The painter painting a picture of herself is clearly the start of a regressive series. And this can be localised – down to the hand drawing a picture of the hand as it draws the hand, as can be seen in the symmetrical work of M.C. Escher, who deals in graphic conundrums.

But the conundrum can also give rise to philosophical and to mathematical enquiry – as can be found in the work of J.W. Dunne. Writing in the 1920s and 30s, it is my belief that Dunne had a considerable influence on René Magritte, who would have been thirty when Faber & Faber brought out Dunne’s An Experiment with Time. Here is what he has to say about Generic Images:

‘When a number of partly similar impressions have been attended to at different times, there is observable, besides the several memory images pertaining to those several impressions, a vague, general image comprising nothing beyond the key elements which are common to all those separate images. For example, the images of the hundreds of tobacco pipes which Ihave seen, smoked, and handled, all contain a common element which is now apparent to me as an ill-defined image of ‘ pipe ’ in general. It presents all the essential characteristics which serve to distinguish a pipe from any other article such as, say, an umbrella. Such characteristics are: hollow bowl, tubular stem – in short, an appearance of utility for the purpose of smoking. But this indefinite image does not exhibit any indication of specific colour or precise dimensions. It seems, however, to be the nucleus of all the definite images of particular pipes to be found in my mental equipment; for, if attention be directed to it, there will quickly become observable the image of sometimes one and sometimes another of such particular pipes.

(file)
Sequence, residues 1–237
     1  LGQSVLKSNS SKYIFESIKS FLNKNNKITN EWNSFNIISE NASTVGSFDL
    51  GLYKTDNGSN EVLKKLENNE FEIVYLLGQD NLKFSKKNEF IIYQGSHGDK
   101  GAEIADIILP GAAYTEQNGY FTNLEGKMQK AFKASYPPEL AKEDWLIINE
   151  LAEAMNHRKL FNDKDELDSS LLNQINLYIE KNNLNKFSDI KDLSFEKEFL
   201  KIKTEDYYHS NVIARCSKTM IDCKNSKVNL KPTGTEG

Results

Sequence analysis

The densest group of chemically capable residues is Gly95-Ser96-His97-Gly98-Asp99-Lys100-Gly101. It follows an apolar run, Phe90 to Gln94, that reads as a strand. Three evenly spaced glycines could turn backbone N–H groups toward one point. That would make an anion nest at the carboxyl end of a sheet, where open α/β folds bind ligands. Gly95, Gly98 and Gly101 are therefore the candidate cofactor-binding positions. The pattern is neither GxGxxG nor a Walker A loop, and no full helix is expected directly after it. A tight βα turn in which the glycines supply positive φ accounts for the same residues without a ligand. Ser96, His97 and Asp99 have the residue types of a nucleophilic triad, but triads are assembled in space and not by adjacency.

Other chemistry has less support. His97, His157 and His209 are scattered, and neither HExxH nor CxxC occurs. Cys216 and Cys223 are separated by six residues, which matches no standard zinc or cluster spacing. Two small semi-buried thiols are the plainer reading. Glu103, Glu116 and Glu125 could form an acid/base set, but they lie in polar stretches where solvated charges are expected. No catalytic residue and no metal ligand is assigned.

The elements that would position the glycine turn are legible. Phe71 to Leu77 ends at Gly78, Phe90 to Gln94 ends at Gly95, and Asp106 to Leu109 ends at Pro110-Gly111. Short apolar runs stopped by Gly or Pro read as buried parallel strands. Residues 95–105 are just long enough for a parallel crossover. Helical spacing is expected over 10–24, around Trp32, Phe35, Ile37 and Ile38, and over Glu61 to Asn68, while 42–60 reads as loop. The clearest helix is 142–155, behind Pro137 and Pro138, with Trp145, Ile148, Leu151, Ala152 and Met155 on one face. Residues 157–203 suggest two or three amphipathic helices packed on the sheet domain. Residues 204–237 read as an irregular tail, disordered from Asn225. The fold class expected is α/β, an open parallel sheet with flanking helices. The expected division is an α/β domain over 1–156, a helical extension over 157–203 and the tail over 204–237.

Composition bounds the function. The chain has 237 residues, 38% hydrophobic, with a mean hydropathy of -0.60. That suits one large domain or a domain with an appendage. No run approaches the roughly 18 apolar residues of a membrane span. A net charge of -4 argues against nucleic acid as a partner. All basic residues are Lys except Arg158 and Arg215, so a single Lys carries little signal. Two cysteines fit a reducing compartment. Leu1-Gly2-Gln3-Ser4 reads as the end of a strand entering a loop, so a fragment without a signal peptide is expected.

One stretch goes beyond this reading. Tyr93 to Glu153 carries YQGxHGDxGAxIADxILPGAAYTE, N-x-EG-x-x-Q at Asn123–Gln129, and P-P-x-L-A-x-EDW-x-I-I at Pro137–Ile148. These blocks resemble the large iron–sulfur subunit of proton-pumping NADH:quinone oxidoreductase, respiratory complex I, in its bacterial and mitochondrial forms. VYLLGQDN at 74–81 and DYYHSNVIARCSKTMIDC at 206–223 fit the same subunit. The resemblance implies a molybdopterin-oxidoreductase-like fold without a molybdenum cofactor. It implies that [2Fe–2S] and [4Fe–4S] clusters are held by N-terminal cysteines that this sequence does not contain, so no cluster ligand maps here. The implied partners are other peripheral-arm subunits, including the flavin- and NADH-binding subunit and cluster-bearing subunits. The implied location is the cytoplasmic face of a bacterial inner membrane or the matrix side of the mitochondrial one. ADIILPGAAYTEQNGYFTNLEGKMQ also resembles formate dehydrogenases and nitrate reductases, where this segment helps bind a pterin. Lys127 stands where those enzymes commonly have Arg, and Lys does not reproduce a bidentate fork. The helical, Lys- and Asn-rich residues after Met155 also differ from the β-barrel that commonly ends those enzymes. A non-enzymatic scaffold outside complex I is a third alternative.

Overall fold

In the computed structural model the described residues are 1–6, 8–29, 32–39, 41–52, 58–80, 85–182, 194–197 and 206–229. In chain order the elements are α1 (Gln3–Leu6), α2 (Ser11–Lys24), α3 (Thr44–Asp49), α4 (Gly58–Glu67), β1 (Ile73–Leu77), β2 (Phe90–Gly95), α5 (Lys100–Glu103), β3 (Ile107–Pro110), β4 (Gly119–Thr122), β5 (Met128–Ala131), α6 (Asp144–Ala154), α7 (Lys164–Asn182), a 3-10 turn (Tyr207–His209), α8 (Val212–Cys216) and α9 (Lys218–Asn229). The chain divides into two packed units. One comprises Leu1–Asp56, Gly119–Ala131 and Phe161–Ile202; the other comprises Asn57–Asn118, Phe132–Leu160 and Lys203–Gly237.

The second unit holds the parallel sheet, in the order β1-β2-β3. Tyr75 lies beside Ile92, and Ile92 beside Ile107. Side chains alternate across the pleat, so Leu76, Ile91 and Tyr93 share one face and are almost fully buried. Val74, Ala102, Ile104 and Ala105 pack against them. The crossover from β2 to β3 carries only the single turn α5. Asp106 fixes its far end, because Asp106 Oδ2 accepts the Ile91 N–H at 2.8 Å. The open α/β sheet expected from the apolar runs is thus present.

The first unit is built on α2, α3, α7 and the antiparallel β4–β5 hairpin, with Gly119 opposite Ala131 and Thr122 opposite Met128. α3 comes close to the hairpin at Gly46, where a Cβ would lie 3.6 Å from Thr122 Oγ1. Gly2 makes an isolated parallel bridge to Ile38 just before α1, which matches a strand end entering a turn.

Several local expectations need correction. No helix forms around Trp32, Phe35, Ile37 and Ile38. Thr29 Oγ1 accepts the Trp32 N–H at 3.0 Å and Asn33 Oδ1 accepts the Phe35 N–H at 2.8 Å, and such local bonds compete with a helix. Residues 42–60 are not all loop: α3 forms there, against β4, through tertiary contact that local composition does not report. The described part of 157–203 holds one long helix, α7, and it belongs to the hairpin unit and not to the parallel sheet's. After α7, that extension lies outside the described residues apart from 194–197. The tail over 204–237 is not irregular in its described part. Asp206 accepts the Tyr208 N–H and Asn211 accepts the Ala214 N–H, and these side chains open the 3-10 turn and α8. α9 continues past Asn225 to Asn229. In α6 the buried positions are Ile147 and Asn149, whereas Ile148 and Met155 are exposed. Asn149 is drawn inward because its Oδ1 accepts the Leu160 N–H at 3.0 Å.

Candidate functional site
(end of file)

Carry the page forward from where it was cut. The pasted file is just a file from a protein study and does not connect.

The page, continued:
These vague, almost formless general images are called ‘Generic Images’, and they appear to be analogous to a central knot to which the specific, definite images are in the relation of radiating threads.’

An Experiment with Time, p.34